Monday, June 11, 2012
Arabic coffee is also called Turkish coffee. It is usually very finely ground and sometimes we add a few pods of cardamom while grinding it to give it a very pleasing flavor and aroma. Traditionally, we used to buy the coffee beans, roast them and use a hand grinder (Dagerman) to grind the coffee beans. You can find ground Arabic coffee at Middle Eastern grocery stores or you can purchase the beans and grind them in the store grinder. You can buy dark roast, medium or a combination of beans according to your preference.
You need a special coffee pot (Dalla) to brew the coffee or use a small pot to brew it. There are different varieties of pots made with copper, brass, aluminum or stainless steel. They all work well on the stove. Special pots used by the Bedouins on a charcoal grill are used for making bitter coffee served during funerals, tribal meetings and coffee houses (Chia Khane). Coffee is served with a glass of water and a piece of candy or manna halva.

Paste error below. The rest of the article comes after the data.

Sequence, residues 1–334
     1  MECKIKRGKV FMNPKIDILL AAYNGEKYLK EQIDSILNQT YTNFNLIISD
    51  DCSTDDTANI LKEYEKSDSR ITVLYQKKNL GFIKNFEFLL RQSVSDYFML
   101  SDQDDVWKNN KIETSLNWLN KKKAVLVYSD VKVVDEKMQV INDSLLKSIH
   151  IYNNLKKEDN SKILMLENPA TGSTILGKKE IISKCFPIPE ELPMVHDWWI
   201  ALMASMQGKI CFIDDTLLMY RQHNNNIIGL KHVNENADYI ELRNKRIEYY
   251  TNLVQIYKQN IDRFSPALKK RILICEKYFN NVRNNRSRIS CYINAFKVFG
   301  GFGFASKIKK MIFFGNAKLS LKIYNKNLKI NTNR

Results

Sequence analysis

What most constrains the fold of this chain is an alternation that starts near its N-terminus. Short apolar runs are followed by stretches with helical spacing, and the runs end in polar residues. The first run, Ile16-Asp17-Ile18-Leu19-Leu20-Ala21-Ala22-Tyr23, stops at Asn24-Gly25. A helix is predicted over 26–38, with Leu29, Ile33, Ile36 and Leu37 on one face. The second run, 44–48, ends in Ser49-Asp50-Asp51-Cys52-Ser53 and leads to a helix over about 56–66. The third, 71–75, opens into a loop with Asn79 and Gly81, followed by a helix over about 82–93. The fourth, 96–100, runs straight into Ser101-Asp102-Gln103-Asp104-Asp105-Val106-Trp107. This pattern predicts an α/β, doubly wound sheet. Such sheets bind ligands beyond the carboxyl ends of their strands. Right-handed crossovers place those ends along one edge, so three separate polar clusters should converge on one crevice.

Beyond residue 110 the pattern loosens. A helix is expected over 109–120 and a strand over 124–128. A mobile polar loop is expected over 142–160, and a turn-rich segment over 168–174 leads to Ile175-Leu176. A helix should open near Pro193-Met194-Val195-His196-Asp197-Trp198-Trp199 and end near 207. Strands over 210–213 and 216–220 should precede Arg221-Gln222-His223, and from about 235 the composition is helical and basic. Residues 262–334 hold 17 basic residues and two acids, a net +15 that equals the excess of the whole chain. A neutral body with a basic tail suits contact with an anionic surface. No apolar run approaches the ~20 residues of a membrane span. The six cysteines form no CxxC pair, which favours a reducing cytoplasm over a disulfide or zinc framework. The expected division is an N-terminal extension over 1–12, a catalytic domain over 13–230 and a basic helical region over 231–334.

1 cup water
1 tablespoon ground coffee
1 teaspoon or more sugar
Pinch of ground cardamom (optional)
Pour tap water in the coffee pot (Dalla), and Place the coffee pot on the stove on a medium heat. When water comes to a boil, remove the pot to the side and add the sugar and coffee, and stir. Place the coffee pot on the stove and bring to a boil, and remove from heat. Return the pot again to the stove and bring the coffee to a boil. Do not leave the stove as it will overflow. Remove from heat and set aside. You will notice light color foam developed on the surface. Skim off the foam and pour a teaspoon in every demitasse (finjan) on the tray. Pour the coffee to top and serve.
Do not stir the coffee or add milk to it. Coffee grounds will settle in the bottom of the demitasse. When finished drinking, sometimes guests flip their cups on the saucers to allow the thick coffee ground to drip down. Then they wait for somebody to read their fortune for entertainment.